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National Assembly Off Balance: Analysts

Cambodian politicians should write a law for power-sharing formulas to replace negotiations that do not reflect democratic principals, analysts said recently, following a structuring of the National Assembly that puts vast control of all committees with the ruling party.

The Cambodian People's Party will head all nine of the National Assembly committees, leaving little room for opposition and descent, especially in the Steering Committee, which is comprised of committee heads and determines the legislative agenda.

On Friday the opposition Sam Rainsy and Human Rights parties refused to join any of the committees, leaving 63 of 65 committee seats to the CPP, with only one seat each for Funcinpec and the Norodom Ranariddh Party.

The new National Assembly makes it harder for checks and balances, lawmakers said.

Politicians should share power in the National Assembly in proportion to their seats, said Thun Saray, president of the rights group Adhoc. Opposition lawmakers should be given important roles in committees to ensure a system of checks and balances in the legislative branch, he said.

The practice of power-sharing through negotiation should be stopped, he said.

"The critical problem is that there is no such law that clearly states this," he said. "It depends on political compromise, and they share power. But when no compromise is reached, the political party with the majority voice grabs all the power."

The negotiation of National Assembly power-sharing is "a constant disease in our country," he said, adding a Khmer expression that means, "He who laughs last, laughs best."

Without a law, he said, parties can collude to eliminate lawmaking roles for their opponents, leading to continual problems in the future.

Further complicating the problem this year was a boycott of the National Assembly's first session, following national elections that saw a sweeping CPP win, 90 of 123 parliamentary seats.

The Sam Rainsy and Human Rights parties both stayed away from an initial National Assembly session, failing to propose candidates for committee heads and handing them to the ruling party.

National Assembly President Heng Samrin told VOA Khmer in an interview that the CPP had not sought to keep the opposition out of committee leadership, but the actions of the opposition parties had meant CPP dominance by default.

"In fact, they boycotted and denied the election results," he said. "They didn't go to the Assembly meeting, so how could we give them positions."

The Sam Rainsy Party's 26 lawmakers and the Human Rights Party's three can still seek positions in all nine committees, he said, adding that CPP lawmakers were often critical of government policies in the same way the opposition is.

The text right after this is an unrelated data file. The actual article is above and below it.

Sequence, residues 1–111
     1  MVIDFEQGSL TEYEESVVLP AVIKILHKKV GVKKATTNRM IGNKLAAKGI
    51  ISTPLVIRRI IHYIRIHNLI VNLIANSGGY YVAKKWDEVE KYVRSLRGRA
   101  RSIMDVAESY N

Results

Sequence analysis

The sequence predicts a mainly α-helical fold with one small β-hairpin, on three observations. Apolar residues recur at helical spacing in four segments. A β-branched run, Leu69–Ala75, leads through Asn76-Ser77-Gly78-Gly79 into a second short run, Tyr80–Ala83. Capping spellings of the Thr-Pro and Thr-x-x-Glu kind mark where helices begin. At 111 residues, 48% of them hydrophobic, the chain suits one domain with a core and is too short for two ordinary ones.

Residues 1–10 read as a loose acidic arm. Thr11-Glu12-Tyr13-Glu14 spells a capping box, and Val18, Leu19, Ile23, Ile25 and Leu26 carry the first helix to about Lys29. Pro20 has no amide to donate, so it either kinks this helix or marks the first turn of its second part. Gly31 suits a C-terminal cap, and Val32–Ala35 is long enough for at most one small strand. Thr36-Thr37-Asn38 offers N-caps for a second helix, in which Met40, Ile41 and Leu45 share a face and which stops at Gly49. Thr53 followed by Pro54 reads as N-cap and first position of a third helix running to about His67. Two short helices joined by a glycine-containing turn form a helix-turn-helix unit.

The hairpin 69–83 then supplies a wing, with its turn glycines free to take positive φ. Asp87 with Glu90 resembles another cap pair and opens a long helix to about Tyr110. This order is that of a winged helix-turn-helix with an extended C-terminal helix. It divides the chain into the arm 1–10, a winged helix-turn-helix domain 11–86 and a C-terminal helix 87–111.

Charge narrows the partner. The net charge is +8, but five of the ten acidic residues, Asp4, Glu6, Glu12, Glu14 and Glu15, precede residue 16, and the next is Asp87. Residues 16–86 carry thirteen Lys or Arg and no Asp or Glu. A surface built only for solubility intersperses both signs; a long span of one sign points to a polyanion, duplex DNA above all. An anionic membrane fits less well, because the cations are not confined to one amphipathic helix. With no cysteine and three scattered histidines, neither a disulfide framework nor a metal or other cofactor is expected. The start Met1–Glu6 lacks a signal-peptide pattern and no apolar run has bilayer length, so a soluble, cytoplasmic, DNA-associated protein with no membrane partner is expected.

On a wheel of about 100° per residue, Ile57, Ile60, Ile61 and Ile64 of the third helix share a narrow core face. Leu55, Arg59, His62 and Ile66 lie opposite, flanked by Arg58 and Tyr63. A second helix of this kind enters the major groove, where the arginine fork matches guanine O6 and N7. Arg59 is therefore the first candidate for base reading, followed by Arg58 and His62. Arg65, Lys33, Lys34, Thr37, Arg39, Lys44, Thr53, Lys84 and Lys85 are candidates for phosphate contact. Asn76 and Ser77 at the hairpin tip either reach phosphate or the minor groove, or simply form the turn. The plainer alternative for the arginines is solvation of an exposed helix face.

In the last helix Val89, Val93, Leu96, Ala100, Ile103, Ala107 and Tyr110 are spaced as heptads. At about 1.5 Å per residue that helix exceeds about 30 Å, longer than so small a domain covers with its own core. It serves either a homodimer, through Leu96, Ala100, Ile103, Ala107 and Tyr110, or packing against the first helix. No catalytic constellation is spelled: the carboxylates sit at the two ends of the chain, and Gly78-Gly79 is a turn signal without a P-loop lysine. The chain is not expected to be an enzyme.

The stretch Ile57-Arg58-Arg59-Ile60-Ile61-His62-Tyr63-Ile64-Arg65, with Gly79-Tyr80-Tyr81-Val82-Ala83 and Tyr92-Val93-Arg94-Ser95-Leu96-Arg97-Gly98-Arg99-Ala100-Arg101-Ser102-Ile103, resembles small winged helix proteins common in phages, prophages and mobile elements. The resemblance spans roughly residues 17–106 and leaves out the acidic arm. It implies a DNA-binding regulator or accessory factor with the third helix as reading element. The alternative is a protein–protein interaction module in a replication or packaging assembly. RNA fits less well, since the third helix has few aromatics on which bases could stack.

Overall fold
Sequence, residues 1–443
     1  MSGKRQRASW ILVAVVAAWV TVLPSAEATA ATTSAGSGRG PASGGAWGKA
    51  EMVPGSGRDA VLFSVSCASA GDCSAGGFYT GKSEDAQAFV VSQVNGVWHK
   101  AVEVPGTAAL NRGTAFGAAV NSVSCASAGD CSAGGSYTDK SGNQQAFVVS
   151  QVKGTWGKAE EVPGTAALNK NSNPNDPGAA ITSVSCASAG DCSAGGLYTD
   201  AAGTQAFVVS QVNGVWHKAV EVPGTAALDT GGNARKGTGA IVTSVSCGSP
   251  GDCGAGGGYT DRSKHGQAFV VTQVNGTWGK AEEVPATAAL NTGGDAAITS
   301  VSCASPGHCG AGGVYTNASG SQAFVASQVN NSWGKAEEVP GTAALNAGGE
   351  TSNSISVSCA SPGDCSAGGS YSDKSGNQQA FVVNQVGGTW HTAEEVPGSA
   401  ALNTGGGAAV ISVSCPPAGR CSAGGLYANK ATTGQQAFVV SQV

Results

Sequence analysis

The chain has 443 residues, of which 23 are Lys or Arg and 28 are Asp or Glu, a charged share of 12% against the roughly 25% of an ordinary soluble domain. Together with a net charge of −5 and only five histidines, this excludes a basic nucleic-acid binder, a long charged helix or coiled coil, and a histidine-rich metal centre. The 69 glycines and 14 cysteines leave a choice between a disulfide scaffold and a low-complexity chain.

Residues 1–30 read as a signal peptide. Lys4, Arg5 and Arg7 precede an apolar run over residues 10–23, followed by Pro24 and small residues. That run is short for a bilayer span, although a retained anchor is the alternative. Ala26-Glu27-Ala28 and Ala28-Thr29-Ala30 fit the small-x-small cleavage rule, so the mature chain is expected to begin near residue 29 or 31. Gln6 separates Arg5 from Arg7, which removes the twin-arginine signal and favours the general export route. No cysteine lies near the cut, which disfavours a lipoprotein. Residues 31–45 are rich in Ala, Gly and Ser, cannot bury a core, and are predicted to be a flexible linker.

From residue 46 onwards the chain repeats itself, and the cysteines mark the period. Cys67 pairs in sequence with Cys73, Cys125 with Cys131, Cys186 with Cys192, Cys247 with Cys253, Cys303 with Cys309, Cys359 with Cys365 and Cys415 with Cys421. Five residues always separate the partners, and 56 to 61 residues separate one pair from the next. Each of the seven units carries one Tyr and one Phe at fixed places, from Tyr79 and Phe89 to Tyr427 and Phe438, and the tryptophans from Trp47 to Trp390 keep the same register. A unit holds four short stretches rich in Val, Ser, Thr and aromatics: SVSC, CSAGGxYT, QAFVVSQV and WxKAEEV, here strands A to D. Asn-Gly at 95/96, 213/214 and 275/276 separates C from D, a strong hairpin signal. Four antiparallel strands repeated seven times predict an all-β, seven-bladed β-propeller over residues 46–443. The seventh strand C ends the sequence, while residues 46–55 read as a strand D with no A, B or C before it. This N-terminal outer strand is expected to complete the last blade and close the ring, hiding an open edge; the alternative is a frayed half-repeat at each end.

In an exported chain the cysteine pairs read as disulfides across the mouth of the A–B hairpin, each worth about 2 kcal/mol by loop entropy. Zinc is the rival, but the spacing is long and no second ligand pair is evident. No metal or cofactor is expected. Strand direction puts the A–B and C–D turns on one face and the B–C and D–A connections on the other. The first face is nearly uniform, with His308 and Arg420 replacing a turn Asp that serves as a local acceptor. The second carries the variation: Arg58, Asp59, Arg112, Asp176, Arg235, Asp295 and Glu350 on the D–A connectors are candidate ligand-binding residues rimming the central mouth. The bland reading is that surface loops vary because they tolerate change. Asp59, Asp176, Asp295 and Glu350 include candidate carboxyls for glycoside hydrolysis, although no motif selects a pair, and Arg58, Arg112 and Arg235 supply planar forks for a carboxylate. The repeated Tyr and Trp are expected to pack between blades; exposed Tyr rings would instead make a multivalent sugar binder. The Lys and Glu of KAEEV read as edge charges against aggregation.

"We didn't deny you," he said of the opposition. "There are positions as members of the commissions. The Assembly is democratic only when you are president or chairmen? You have rights to inquire, to question, in the Assembly too. If you won't, it's up to you."

SRP lawmaker Yim Sovann, who in the previous National Assembly was the head of the committee on interior and defense, said the whole National Assembly, not only the opposition, needed to have goodwill in order to protect checks and balances.

Previous National Assemblies saw the Steering Committee move important legislation away from opposition-led and into CPP-headed committees, he said.

"The permanent committee was overwhelmed by the CPP and often diverted proposed bills that were supposed to be reviewed by the Interior Committee over the Legislative and Justice Committee," he said. "This was politically motivated, because my committee would have amended it to a better bill, if it came through my committee."

The law on elections and the National Election Committee, for example, was proposed by the Ministry of Interior and should have been reviewed by his committee, Yim Sovann said. Instead, it was moved through the Legislative and Justice Committee.

Still, he said, with the opposition at the helm of two committees, "we controlled checks and balances to some degree."

In the present National Assembly, "there is no chance for democracy," he said.

CPP lawmaker Chiem Yeap said the previous National Assembly had reasons for moving the election bill through other committees, at the discretion of the Steering Committee.

The CPP-dominated National Assembly was able to preserve checks and balances because it is multi-party, he said.

Yim Sovann may have disapproved of the bill's review, Chiem Yeap said, "but the minority respects the majority in a democracy."